This blog is a continuation of what comparisons can be made for missing or non-descriptive page titles, inspired from AXSChat Podcast.

After finishing the original blog, I decided to expand and tell you a bit about an area of assistive technology features that should be used and be accessible within a digital platform, whether on a website, document, or any other digital information.

This specific blog features the problems that missing or non-descriptive page titles has for disabled people when online. 

Why You Should Include A Page Title

Well, this is a strange one, why wouldn’t you include a page title on a web page or document?

A title immediately informs everyone what information you can expect to find within that page. This information provides reassurance for people that they have navigated to the right destination to find the answer or service of what they are looking for. This results in saved time for users, so they don’t have to investigate the page fully to see what it contains to then realise they are on the incorrect page or document. However, this can still happen from time to time.

An Everyday Comparison To Get You Thinking About The Need for Descriptive Titles

The first thing that came to me about this issue was with books. Imagine if you were inside a library and none of the books had a title on them. You would have to rely on the author and then skim the first few pages to see if you actually liked it and wanted to read more. However, whether you liked it or not, how would you recommend it to one of your friends if you didn’t know what to call it?

Delving deeper into this, there are so many items that need a title, such as food products or medication. How many more items can you think of that, if they did not have a title on them, would leave you unaware of what the packaging contains or even being left with the product itself not being explained.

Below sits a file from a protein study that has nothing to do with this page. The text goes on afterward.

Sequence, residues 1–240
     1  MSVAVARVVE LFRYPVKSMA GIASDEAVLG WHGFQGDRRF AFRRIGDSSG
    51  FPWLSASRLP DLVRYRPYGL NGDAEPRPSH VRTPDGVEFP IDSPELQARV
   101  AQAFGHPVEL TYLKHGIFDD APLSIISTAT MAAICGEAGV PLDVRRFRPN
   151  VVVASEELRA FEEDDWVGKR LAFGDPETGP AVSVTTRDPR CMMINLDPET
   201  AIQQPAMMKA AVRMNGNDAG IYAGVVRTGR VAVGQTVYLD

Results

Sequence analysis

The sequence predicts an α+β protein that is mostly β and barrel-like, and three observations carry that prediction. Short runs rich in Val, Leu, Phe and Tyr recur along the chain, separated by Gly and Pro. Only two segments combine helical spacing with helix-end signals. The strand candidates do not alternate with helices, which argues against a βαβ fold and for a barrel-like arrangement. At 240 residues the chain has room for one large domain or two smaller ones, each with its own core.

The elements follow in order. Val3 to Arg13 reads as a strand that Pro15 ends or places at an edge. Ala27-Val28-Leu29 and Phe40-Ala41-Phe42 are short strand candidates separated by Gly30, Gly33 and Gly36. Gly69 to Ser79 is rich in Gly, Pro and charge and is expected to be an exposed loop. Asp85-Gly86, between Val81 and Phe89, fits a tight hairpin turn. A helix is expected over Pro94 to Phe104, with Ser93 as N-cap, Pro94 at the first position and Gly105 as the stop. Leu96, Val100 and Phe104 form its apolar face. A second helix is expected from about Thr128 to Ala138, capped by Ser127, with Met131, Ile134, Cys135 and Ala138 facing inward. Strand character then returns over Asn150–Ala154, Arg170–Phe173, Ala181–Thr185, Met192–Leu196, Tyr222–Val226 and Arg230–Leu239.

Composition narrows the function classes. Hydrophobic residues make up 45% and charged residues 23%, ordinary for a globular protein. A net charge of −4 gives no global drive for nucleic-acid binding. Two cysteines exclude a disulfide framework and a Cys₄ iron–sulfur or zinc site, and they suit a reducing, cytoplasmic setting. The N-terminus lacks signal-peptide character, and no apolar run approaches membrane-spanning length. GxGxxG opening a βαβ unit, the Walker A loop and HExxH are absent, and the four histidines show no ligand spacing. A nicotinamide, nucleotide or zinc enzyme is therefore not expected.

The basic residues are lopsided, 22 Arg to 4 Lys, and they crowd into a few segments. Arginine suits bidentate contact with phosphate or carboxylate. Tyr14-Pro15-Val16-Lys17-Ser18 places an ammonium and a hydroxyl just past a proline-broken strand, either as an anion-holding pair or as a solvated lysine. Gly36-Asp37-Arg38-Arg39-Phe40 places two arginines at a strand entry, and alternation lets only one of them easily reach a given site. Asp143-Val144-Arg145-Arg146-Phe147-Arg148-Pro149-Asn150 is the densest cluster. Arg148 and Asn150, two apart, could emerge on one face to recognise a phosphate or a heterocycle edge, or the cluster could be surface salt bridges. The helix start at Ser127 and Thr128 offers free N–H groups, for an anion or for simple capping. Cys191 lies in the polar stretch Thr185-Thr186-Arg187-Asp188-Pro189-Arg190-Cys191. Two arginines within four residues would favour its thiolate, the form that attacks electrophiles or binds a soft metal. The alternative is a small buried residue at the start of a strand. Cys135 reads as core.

So, a title on a web page or document does not only tell the reader what is on the page itself, aiding with navigation, but it also provides the reader with the details to direct others to this information as well.

Here’s another scenario for you. Imagine if you were at a railway station and all the numbers on the platforms, including the ones from the concourse at Waterloo Station (24 platforms in total) have been taken down to be cleaned. No one would know which platform was which, until they went to each platform to find out. This would take some time and a lot of frustration to be able to get the answer of where you needed to be. Can you imagine if you finally found the right platform to then hear an announcement which says that your train has changed its arrival platform and is now departing from a new one in 5 minutes time. Although platform numbers are not really a title, the same issues apply.

This is why it’s crucial to include descriptive page titles and help your digital visitors with swiftly navigating your content.

Eliminating Inaccessible Digital Platforms

I know I have used this last paragraph at the end of each of this series of blogs, but it relays the important message of all the blogs written:

These are just a few comparisons between most people’s everyday life experiences and one of the inaccessible features of digital information in their life. However, there really is no need for any inaccessible areas, as there are always alternatives. 

Think about when you could not get access to something. Whether it is in a shop or around your normal life experiences. There is no real reason why you should not be able to gain access. It is usually due to someone having made it inaccessible to you because of the design and not thinking of your individual needs as a customer in a specific situation.

It’s time to make a change and be inclusive.

Over the next few months, I’ll be blogging about ways that you can adapt your websites to achieve digital accessibility and improve the user experience for everyone.

For more details about how we can help with website accessibility testing, please get in touch with our team today.